Virologic failure was detected on 138 occasions in the intervention group in 81 participants during the follow-up period. Resistance testing was successful for 89% of samples and mutations were detected in every single sample. In 85% of samples, at least one major mutation was detected. NNRTI resistance was detected in 67% of samples, NRTI resistance in 57% of samples and protease inhibitor resistance in 4%.

In a separate poster presentation, Lisa Abuogi of the University of Colorado provided a more detailed analysis of the actions taken as a result of resistance testing in the Opt4Kids study. Eighty-four children had drug resistance test results and underwent expert clinical review. Of these, 12 changed treatment to dolutegravir as part of the national transition to dolutegravir treatment for children (six resuppressed after the switch to dolutegravir). Thirty-eight were recommended to change treatment after resistance testing; 22 resuppressed viral loads after the treatment switch. Thirty-four did not change treatment after resistance testing, in most cases because they were taking a protease inhibitor (29) and did not have high-level resistance. Eleven of this group resuppressed viral loads but 14 remained unsuppressed at the end of the study period, one died and six were lost to follow-up.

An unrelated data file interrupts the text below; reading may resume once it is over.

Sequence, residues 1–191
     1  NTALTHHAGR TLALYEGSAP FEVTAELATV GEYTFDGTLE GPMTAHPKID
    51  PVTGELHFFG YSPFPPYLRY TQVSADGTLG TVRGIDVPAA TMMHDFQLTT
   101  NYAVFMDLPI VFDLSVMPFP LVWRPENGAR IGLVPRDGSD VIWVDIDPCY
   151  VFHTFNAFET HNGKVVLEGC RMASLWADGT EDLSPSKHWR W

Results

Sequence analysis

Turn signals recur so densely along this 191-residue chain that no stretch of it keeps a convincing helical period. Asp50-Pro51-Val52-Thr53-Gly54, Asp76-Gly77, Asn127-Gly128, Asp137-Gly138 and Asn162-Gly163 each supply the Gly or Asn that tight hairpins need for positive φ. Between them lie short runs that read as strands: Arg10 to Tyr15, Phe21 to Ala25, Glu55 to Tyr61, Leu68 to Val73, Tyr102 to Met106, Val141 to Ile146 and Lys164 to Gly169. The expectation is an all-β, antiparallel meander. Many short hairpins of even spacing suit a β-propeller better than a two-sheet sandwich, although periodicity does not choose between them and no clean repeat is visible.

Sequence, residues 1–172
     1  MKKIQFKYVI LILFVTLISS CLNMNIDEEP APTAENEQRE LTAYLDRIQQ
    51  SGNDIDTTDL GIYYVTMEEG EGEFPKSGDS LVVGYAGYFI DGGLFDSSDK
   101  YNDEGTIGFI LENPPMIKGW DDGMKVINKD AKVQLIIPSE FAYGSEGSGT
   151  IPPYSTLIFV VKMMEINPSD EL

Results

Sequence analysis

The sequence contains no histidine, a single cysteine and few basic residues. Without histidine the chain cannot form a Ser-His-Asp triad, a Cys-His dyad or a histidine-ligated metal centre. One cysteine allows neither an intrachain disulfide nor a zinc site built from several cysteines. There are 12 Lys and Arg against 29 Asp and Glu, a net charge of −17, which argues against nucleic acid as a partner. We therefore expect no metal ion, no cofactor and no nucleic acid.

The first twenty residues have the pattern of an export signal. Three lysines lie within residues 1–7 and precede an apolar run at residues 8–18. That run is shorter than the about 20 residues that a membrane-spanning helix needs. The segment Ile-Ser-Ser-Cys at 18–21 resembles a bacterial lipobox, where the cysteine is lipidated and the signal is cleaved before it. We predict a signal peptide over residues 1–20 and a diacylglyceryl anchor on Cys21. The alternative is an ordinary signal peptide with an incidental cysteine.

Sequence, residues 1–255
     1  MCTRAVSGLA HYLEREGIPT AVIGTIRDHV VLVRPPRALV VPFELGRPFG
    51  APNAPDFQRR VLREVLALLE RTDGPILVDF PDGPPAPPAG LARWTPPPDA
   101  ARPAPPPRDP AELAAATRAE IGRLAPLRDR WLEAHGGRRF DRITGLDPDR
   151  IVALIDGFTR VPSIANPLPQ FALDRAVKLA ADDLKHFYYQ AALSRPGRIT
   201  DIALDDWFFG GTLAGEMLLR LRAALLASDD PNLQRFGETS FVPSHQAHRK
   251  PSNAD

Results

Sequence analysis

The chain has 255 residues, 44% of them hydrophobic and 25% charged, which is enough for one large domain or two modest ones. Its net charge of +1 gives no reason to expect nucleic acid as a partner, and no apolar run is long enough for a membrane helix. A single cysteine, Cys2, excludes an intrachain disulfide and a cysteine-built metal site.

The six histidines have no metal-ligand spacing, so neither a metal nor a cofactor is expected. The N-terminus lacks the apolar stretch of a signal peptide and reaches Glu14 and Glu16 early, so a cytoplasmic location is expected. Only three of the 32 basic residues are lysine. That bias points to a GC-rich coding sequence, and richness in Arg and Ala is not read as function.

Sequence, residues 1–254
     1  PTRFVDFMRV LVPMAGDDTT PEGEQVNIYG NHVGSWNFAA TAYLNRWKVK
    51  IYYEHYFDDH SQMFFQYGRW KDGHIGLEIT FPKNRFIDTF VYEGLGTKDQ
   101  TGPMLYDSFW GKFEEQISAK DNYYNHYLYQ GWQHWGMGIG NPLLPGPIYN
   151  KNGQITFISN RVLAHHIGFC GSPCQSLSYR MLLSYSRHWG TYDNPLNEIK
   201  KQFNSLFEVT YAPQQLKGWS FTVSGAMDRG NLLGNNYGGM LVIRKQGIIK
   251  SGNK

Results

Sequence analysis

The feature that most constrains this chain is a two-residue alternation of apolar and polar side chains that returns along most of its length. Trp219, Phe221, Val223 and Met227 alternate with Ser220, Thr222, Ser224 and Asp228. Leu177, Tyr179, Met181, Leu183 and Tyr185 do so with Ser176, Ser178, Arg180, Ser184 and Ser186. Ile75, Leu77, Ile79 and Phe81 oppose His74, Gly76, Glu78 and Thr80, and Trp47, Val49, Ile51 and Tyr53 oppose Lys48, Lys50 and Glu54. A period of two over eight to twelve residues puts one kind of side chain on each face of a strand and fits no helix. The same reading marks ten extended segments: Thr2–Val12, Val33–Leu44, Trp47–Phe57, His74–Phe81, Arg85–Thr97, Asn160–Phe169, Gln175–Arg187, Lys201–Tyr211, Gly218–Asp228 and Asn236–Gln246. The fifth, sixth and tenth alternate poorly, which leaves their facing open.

Excluding those who switched to dolutegravir as part of the programme transition, 58% of those who underwent resistance testing and had a recommendation to change treatment resuppressed viral load, compared with 32% of those without a recommendation to switch treatment, a statistically significant difference (p=0.04).

The study investigators think that they missed enrolling children who were most vulnerable to viral rebound into the study, as historic facility-level data showed viral suppression rates closer to 70%. However, service improvements at the time of the study, especially the introduction of dolutegravir treatment, may also have improved viral suppression rates. However, the study investigators also concede that viral load monitoring may not address the root causes that lead to children experiencing viral rebound in the first place. Children may need more intensive support.

References

Patel R et al. Impact of point-of-care HIV viral load testing in Kenyan children: A randomized trial. Conference on Retroviruses and Opportunistic Infections, abstract 33, 2022.

View the abstract on the conference website.

Abuogi L et al. High drug resistance and need for ART change in children with viral failure in Kenya. Conference on Retroviruses and Opportunistic Infections, abstract 722, 2022.

View the abstract on the conference website.